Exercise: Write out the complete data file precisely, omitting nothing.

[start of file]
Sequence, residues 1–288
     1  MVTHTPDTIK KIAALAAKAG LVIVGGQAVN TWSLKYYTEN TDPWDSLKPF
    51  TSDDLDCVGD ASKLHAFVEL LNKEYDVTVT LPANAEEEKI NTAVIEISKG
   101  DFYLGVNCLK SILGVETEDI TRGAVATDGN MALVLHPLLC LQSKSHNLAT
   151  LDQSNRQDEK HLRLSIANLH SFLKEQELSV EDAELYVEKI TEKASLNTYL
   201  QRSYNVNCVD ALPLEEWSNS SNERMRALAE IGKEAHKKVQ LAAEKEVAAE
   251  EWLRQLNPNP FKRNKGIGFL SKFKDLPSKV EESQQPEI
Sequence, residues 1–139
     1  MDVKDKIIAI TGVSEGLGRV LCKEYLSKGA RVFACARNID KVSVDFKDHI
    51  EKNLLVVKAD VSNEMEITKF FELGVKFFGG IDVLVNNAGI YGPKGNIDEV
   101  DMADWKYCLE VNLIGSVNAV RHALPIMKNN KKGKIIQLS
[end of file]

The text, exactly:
Sequence, residues 1–288
     1  MVTHTPDTIK KIAALAAKAG LVIVGGQAVN TWSLKYYTEN TDPWDSLKPF
    51  TSDDLDCVGD ASKLHAFVEL LNKEYDVTVT LPANAEEEKI NTAVIEISKG
   101  DFYLGVNCLK SILGVETEDI TRGAVATDGN MALVLHPLLC LQSKSHNLAT
   151  LDQSNRQDEK HLRLSIANLH SFLKEQELSV EDAELYVEKI TEKASLNTYL
   201  QRSYNVNCVD ALPLEEWSNS SNERMRALAE IGKEAHKKVQ LAAEKEVAAE
   251  EWLRQLNPNP FKRNKGIGFL SKFKDLPSKV EESQQPEI
Sequence, residues 1–139
     1  MDVKDKIIAI TGVSEGLGRV LCKEYLSKGA RVFACARNID KVSVDFKDHI
    51  EKNLLVVKAD VSNEMEITKF FELGVKFFGG IDVLVNNAGI YGPKGNIDEV
   101  DMADWKYCLE VNLIGSVNAV RHALPIMKNN KKGKIIQLS